By Cailin Riley
For the past two decades, high-goal polo matches at Two Trees Farm in Bridgehampton have been one of the main attractions for party-goers and the sport’s enthusiasts alike. But the Bridgehampton Polo Club, which hosted the fast-paced 20-goal matches that featured some of the world’s best players over an eight-week stretch, announced that its run of highly attended public matches at Two Trees has come to an end.
In a press release, Leighton Jordan, the managing director of the Bridgehampton Polo Club, said that due to the recent sale of property at Two Trees Farm, the club will no longer be able to accommodate the two summer tournaments, the Monty Waterbury Cup and Hampton Cup, held in July and August. The property that was sold includes land that housed polo barns, the exercise track, a portion of the parking lot, and portions of the polo fields, Jordan said.
“There is not an area for visiting teams to stable horses close to the field,” the release said. “As a result, Bridgehampton Polo Club doesn’t have the property it needs to successfully and safely host a full season of high-goal polo.”
Jordan said that, because of the continued interest from fans in the area, as well as the continued presence in the Hamptons of polo sponsors, teams and players, the Bridgehampton Polo Club will still play private matches in the area and practice a few times each week at Two Trees. Jordan added that the club is still exploring options to host what he said would be “more intimate” ticketed matches at Two Trees, and perhaps charity matches at other locations in the Hamptons.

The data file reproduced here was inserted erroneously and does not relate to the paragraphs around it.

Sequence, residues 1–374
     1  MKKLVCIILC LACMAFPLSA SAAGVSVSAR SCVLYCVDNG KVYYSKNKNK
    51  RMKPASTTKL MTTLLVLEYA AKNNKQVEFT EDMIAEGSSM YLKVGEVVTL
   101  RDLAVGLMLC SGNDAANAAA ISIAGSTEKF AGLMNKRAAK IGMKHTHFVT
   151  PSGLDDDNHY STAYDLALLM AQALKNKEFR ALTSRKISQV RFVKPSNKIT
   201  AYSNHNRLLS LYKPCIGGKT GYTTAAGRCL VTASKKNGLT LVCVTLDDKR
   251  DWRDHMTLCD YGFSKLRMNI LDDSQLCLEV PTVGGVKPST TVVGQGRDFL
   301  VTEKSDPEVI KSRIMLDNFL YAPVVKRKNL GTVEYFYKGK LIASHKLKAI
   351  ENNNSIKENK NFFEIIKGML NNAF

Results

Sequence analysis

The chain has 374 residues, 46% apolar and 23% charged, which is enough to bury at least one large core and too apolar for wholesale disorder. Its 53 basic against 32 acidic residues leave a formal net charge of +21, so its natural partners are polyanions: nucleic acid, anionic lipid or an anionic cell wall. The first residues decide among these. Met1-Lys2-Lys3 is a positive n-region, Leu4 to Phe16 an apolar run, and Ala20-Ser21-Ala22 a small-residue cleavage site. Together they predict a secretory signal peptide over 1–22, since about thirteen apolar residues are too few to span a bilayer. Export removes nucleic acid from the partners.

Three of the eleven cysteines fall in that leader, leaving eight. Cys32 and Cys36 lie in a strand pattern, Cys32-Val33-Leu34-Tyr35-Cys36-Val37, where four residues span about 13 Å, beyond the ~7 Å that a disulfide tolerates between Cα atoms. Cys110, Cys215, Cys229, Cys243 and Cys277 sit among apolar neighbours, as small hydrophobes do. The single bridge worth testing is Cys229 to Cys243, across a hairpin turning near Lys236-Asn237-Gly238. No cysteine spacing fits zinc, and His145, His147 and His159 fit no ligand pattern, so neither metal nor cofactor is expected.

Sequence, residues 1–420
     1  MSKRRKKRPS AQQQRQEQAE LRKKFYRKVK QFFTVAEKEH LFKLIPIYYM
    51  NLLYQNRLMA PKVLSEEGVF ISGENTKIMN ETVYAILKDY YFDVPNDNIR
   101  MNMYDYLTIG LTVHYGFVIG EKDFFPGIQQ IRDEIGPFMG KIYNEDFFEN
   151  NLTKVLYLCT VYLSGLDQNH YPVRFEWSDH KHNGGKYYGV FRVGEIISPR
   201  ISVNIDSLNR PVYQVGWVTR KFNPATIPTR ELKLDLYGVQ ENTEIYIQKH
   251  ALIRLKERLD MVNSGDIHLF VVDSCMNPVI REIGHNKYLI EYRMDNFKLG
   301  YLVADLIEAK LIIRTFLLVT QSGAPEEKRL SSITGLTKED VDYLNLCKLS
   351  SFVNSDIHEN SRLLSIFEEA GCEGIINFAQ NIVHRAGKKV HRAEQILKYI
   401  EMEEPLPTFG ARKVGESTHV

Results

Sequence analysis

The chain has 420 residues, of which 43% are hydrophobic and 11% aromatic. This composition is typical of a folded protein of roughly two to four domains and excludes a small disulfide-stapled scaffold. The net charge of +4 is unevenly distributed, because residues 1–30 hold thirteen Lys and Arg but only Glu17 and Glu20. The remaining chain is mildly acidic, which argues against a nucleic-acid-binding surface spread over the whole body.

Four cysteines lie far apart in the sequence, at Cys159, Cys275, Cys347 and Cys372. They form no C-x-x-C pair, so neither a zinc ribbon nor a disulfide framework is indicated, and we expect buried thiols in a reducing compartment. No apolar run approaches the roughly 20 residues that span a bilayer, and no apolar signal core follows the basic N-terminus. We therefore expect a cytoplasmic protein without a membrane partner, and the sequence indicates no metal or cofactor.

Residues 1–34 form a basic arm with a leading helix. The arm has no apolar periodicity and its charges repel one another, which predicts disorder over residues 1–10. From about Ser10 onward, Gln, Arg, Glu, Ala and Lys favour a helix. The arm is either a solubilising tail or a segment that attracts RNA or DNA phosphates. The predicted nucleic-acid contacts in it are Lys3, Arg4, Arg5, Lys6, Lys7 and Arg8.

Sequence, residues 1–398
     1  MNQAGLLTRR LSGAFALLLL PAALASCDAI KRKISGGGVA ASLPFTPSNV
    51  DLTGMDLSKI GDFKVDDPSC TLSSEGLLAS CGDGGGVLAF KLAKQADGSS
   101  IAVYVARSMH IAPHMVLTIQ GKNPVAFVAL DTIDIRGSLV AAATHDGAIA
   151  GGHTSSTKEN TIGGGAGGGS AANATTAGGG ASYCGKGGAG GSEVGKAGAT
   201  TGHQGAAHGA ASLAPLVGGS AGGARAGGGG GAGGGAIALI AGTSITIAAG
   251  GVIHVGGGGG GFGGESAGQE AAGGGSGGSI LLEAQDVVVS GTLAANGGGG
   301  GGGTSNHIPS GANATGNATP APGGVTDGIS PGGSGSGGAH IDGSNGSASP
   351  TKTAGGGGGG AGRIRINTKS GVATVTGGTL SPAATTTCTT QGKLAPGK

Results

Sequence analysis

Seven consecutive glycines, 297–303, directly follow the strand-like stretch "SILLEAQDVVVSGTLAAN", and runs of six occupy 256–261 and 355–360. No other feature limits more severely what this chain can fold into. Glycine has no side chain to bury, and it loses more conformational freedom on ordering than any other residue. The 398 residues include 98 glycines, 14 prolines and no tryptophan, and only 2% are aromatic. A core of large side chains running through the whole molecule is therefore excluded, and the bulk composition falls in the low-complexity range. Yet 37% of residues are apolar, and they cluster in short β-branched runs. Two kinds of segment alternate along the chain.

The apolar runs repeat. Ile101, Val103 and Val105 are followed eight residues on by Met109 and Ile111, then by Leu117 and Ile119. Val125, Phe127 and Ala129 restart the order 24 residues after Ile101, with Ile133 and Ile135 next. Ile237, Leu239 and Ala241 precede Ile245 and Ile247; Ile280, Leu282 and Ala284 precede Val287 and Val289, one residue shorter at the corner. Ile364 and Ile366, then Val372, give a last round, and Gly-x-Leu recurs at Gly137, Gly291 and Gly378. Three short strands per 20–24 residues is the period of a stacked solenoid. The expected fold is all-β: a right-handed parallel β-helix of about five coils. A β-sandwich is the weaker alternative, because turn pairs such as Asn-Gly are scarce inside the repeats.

Jordan acknowledged the support that the Bridgehampton Polo Club and the polo community at large have always enjoyed from the East End community during the summer months, and said he hopes the sport can have a continued presence in the area.
“Bridgehampton Polo Club was originally founded by Peter Brant and Neil Hirsch as a place to play the game we all love in the summer months,” he said. “At Bridgehampton Polo Club’s first match, we had more than 3,000 people in attendance and since then, we have strived to bring fans the highest level of play and introduce polo to people who had never seen the sport.”